There is no such thing as ‘balance’ in the Kingdom of God, because God, ultimately, is not ‘balanced’: he is all things at all times.
That sentence may seem, at first, to be highly objectionable, or perhaps a bit oblique, so let’s break it down and examine all the pieces.
What is ‘balance’?
Balance happens when, as on a physical scale, there are equal quantities of one thing or concept on either side. (That is how we perceive balance.)
Balance is a very human concept. Of course, this is a very good thing, because balance helps maintain order, and without order, there is unrestrained chaos. The only problem is, true balance is unsustainable.
Because God is very interested in keeping the Body of Christ (and ultimately human society in general) pointed in the right direction!
Too much balance leads to stagnation.
What breeds in stagnant pools?*
Balance seems fair to us.
By ‘fair’, I mean, balance is how, basically, you know you’re not being cheated.
Take the visual image of an ancient market, or a modern-day exotic Eastern market, for example.
When you buy something in a market, say spices, for example, the merchant takes a weight, puts it on one side of the scale, and then puts a certain quantity of the spice on the other side.
This is how the purchaser knows that the price the merchant is charging, is a fair price.
God is not necessarily ‘fair’, according to human reckoning, all of the time.
Balance is beautiful to us.
Take gymnasts, for example. They can do flips, and tumble, and spin, and fly through the air, doing amazing things, because they have an incredibly-well-developed sense of balance.
Balance is also important in the art world. A well-balanced painting is pleasing to the eye. (Look up ‘artistic balance’ on Google for some nice images and technical explanations of this.)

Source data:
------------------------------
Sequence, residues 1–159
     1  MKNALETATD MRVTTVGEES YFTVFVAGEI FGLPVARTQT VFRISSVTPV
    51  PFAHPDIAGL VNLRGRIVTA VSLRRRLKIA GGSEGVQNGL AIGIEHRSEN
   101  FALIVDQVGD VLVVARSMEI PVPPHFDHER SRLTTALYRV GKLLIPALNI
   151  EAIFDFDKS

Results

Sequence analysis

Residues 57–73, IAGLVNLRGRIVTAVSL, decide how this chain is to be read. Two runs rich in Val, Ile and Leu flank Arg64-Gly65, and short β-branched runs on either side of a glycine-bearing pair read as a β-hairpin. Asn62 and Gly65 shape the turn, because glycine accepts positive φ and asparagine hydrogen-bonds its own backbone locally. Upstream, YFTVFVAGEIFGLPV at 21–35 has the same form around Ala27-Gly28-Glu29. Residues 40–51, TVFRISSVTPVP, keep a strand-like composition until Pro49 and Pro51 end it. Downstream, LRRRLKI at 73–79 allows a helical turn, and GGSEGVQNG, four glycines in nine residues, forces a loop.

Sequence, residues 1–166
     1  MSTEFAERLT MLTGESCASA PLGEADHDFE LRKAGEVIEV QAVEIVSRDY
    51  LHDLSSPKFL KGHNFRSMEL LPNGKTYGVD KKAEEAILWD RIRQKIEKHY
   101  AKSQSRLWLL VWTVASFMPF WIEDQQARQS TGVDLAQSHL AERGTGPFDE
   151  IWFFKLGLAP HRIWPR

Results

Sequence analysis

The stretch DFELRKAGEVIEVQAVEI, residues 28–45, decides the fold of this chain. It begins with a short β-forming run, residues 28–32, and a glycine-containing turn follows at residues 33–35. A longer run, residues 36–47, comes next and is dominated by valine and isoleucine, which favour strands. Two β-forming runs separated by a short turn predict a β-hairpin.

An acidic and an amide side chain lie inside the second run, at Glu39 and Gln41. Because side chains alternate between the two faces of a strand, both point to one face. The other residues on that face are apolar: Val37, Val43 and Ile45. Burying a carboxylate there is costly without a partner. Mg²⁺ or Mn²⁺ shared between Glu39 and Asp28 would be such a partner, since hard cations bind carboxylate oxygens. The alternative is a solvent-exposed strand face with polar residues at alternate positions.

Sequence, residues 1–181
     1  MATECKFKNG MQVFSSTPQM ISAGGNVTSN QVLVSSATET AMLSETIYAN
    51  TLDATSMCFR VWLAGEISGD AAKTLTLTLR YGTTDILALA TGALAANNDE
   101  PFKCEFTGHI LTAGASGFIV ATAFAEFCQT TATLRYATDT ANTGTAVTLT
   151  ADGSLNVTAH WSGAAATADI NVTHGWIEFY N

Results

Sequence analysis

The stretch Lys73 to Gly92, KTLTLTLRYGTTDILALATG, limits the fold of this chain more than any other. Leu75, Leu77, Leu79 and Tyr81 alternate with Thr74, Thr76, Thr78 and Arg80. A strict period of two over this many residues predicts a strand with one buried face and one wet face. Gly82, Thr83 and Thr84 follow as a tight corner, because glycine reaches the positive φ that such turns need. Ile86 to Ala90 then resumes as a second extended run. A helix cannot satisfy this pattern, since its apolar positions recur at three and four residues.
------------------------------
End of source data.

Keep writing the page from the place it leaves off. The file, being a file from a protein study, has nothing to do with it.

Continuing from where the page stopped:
Pottery-making is another good example of balance being important for beauty. An aesthetically-pleasing, and functional, piece is balanced, in most places, on the left and right.
What happens when something is *imbalanced*?
Lack of balance can be bad.
Lack of balance is dangerous to human life.
Take vertigo, for example. One of the most important concerns in nursing homes and hospitals is fall risk.
Senior citizens are especially susceptible to falling. Why? Their sense of balance is off, due to a problem in the vestibular system found inside the inner ear. This system is responsible for the lack of balance. Senior citizens can fall and injure themselves, or, worse, die, because they cannot balance themselves properly.
Lack of balance can cause untold-of death and destruction, on an immense scale.
When the world political system is not well-balanced, war happens.
What happened in World War II? The balance of power was dangerously shifted, and one of the worst examples of human tragedy and loss occurred, all over the planet.
When nature is not balanced, hurricanes occur.
Hurricanes happen when temperatures are imbalanced.
Lack of balance can be good, in a sense.
Lack of balance is entertaining:
Take Charlie Chaplin, or just about any famous comedic actor, for example: slapstick humor. “Balance (or the lack thereof) also reveals one of the fundamental elements of all slapstick. Slapstick is one off-balance disaster after another.” – (quote from ‘Discovering the Clown, or The Funny Book of Good Acting’, by Christopher Bayes
Lack of balance is also beautiful.
Revisiting pottery for a moment, a fundamentally interesting piece of pottery includes elements that lack balance.
In speaking of the beauty of an 18th-century moon jar (a piece of Korean pottery), Lee Ufan, a famous minimalist painter and sculptor artist, said this:
“The imbalanced imperfection
is what allows you to see things in
an unlimited and real-life way.”
(Lee Ufan, as quoted in the book ‘The Artist Project: What Artists See When They Look At Art’, by Christopher Noey and Thomas P. Campbell)
Lack of balance, ultimately, makes us happy.
The key to bliss is a life that is *profoundly* imbalanced.
All terror, all fear, all joy, and all happiness ultimately emanates from the throne of God.
*Note that I said ‘stagnant’ here, not ‘placid’ or ‘still’. Search: “still waters scripture” for more details.